The first stage of conflict management is spotting the problem, or spotting it in good time. “If you notice that something is brewing, you can intervene before things get out of hand,” explains Dick Bonenkamp. Bonenkamp is the founder and director of the Merlijn Groep and Het Conflictwarenhuis, and works as a conflict advisor and mediator.

There are countless signs that could give an indication, such as an increase in sickness absenteeism, or a deadline not reached for reasons that are not clear. Bonenkamp goes on, “Managers usually know the processes well enough. If there are suddenly any discrepancies or irregularities, if often means something is not right. Ignoring signs of this kind can seem to be the easiest option. But that is not generally a good idea.” An open culture, in which managers are aware of what is going on, can be very valuable at such a time.

2. Do not allow the conflict to escalate

Once a conflict has presented itself, then you often see managers turn the other way, says Bonenkamp. The HR department may be brought in – ‘you sort it out’. The more departments are involved, the more the conflict will get out of proportion. Bonenkamp says, “The most important advice I give to managers is that they must have the courage to look for a solution themselves.”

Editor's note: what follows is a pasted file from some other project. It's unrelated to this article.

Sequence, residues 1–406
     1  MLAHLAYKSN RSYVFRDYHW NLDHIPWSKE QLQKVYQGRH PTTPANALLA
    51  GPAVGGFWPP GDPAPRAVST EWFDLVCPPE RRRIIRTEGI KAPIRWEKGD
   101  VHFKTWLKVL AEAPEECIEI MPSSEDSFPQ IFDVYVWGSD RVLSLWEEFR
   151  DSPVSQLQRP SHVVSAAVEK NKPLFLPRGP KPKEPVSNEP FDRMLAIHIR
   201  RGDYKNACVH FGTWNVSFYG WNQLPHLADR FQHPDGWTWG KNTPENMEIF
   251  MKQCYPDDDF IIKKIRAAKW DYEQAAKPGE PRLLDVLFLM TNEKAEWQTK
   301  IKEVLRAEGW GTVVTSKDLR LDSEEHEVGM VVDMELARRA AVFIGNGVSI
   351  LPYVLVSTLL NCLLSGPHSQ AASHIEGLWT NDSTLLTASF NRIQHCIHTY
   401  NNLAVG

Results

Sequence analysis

We are brought up to learn that conflicts are negative, by definition. Managers frequently regard any conflict in their team as a source of shame. Bonenkamp: “You need knowledge and wisdom to see the opportunity in a conflict. We should be more aware that conflict is a feature of any organization that is self-renewing. Managers who ‘push’ conflicts away believe they will resolve themselves. Bonenkamp points out, “But they do not resolve themselves. Ignoring them actually makes them worse.”

3. Respond to the emotions

“We often do not know how to handle emotions,” says Sylvia Fennis. As a psychologist and trainer at Dialoogisch, Fennis supports groups who are going through difficult change processes. In a town where a market had to be relocated, for example, she experienced how the resistance of the market stallholders was systematically ignored. At every meeting, they shouted louder and louder, but the representatives of the local council took no notice of their emotions.